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This included entire tribal chiefdoms such as the Lakhmids in a less controlled area of the Sasanian Empire, and the Ghassanids in a similar area inside of Byzantine territory; these political units of Arab origin offered a surprising stability that was rare in the region and offered Arabia further connections to the outside world. The Lakhmid capital, Hira was a center for Christianity and Jewish craftsmen, merchants, and farmers were common in western Arabia as were Christian monks in central Arabia. Thus pre-Islamic Arabia was no stranger to Abrahamic religions or monotheism, for that matter.

While the Byzantine Roman and Sassanid Persian empires were both weakened by warfare — , a new power in the form of Islam grew in the Middle East. In a series of rapid Muslim conquests , Arab armies , led by the Caliphs and skilled military commanders such as Khalid ibn al-Walid , swept through most of the Middle East, taking more than half of Byzantine territory and completely engulfing the Persian lands. In Anatolia , they were stopped in the Siege of Constantinople — by the Byzantines, who were helped by the Bulgarians.

The Byzantine provinces of Roman Syria , North Africa , and Sicily, however, could not mount such a resistance, and the Muslim conquerors swept through those regions.

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At the far west, they crossed the sea taking Visigothic Hispania before being halted in southern France in the Battle of Tours by the Franks. At its greatest extent, the Arab Empire was the first empire to control the entire Middle East, as well three-quarters of the Mediterranean region , the only other empire besides the Roman Empire to control most of the Mediterranean Sea.

The Seljuq Empire would also later dominate the region. Much of North Africa became a peripheral area to the main Muslim centres in the Middle East, but Iberia Al-Andalus and Morocco soon broke away from this distant control and founded one of the world's most advanced societies at the time, along with Baghdad in the eastern Mediterranean.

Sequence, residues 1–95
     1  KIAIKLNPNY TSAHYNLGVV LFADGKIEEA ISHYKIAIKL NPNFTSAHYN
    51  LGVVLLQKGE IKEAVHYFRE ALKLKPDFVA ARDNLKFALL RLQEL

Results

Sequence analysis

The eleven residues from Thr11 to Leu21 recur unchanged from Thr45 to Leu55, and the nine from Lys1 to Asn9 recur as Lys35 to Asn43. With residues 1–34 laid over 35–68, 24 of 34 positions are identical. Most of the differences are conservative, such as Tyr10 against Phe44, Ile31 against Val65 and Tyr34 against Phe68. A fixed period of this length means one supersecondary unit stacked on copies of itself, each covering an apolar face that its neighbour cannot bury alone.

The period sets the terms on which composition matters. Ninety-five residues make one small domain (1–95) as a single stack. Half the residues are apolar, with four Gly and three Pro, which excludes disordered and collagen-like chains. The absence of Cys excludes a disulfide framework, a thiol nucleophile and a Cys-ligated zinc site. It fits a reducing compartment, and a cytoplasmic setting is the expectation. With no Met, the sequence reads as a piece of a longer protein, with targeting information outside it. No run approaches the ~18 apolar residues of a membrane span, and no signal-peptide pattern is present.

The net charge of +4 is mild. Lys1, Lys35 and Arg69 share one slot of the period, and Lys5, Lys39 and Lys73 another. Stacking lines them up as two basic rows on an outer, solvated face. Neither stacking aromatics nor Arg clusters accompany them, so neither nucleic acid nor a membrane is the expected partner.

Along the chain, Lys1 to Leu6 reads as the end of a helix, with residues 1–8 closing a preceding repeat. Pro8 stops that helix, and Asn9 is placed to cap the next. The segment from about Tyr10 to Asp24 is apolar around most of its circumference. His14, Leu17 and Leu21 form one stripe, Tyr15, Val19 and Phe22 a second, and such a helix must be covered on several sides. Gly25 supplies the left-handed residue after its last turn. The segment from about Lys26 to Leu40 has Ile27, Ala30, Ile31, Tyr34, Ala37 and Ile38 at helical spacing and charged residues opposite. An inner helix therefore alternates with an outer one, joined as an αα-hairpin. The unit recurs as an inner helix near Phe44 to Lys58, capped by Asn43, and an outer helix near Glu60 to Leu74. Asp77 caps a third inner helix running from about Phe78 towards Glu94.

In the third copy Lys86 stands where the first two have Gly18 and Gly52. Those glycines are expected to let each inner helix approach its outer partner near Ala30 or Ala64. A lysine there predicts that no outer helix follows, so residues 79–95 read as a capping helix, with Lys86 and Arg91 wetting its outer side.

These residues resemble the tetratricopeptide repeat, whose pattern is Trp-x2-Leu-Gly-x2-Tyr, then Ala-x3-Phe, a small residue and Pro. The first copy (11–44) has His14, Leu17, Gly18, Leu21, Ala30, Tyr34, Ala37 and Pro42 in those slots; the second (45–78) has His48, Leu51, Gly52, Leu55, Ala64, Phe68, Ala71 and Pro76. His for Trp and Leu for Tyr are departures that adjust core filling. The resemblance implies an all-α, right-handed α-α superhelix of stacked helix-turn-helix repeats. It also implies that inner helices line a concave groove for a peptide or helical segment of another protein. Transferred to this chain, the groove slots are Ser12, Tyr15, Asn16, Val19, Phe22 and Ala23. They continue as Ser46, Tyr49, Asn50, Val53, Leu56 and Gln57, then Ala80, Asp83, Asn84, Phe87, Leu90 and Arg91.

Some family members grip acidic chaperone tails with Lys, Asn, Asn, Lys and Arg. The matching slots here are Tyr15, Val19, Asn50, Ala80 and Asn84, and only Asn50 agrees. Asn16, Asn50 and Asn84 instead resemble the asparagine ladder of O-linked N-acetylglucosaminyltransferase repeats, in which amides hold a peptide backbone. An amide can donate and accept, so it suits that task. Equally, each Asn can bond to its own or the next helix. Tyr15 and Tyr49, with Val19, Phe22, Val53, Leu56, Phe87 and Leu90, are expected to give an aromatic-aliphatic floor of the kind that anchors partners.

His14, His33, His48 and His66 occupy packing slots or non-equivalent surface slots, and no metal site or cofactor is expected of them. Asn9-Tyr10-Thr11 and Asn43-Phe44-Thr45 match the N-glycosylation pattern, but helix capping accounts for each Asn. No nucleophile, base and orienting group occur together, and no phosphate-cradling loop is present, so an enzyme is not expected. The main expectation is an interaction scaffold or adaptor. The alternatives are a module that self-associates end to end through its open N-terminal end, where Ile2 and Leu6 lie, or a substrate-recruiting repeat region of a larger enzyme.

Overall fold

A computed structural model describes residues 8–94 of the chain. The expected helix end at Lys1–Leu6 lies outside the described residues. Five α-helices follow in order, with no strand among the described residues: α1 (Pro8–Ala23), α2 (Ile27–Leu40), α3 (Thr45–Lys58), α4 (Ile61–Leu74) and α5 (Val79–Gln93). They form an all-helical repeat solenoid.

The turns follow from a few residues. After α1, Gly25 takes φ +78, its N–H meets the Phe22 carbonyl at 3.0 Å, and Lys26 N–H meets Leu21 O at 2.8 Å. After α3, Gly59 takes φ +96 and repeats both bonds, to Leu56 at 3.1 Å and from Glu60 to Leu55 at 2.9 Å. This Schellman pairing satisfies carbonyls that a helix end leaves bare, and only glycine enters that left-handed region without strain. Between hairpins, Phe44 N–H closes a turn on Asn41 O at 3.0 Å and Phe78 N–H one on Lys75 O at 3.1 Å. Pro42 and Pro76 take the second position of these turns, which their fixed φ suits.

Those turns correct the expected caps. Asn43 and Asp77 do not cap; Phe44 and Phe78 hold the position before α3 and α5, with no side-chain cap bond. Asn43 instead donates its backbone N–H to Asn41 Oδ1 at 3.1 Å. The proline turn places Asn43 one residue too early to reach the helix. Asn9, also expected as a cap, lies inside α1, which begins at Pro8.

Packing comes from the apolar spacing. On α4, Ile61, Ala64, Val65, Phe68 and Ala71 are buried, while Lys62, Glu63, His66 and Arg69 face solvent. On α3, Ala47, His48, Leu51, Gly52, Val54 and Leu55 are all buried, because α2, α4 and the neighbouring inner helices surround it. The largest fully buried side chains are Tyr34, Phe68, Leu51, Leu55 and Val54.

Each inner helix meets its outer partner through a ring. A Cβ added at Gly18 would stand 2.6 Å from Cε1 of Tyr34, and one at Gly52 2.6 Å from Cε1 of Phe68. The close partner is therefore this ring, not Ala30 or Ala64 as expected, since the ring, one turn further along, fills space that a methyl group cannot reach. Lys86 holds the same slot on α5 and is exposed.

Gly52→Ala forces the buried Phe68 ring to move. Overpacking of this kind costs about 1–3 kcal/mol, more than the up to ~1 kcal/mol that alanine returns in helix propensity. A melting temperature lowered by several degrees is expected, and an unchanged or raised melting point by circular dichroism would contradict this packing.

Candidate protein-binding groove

Between and , the Emirate of Sicily was one of the major centres of Islamic culture in the Mediterranean. After its conquest by the Normans the island developed its own distinct culture with the fusion of Arab, Western, and Byzantine influences. Palermo remained a leading artistic and commercial centre of the Mediterranean well into the Middle Ages. Motivated by religion and conquest, the kings of Europe launched a number of Crusades to try to roll back Muslim power and retake the Holy Land.

The Crusades were unsuccessful but were far more effective in weakening the already tottering Byzantine Empire. They also rearranged the balance of power in the Muslim world as Egypt once again emerged as a major power. Religion always played a prevalent role in Middle Eastern culture, affecting learning, architecture, and the ebb and flow of cultures. When Muhammad introduced Islam, it jump-started Middle Eastern culture, inspiring achievements in architecture , the revival of old advances in science and technology, and the formation of a distinct way of life.

Islam also created the need for spectacularly built mosques which created a distinct form of architecture. Islam unified the Middle East and helped the empires there to remain stable. This created a mix of cultures, especially in Africa, and the mawali demographic. Although the mawali would experience discrimination from the Umayyad, they would gain widespread acceptance from the Abbasids and it was because of this that allowed for mass conversions in foreign areas. Arabian culture took off during the early Abbasid age, despite the prevalent political issues.

Third World Countries in Terms of their Gross National Income (GNI)

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Muslims saved and spread Greek advances in medicine , algebra , geometry , astronomy , anatomy , and ethics that would later finds it way back to Western Europe. The works of Aristotle , Galen , Hippocrates , Ptolemy , and Euclid were saved and distributed throughout the empire and eventually into Europe in this manner.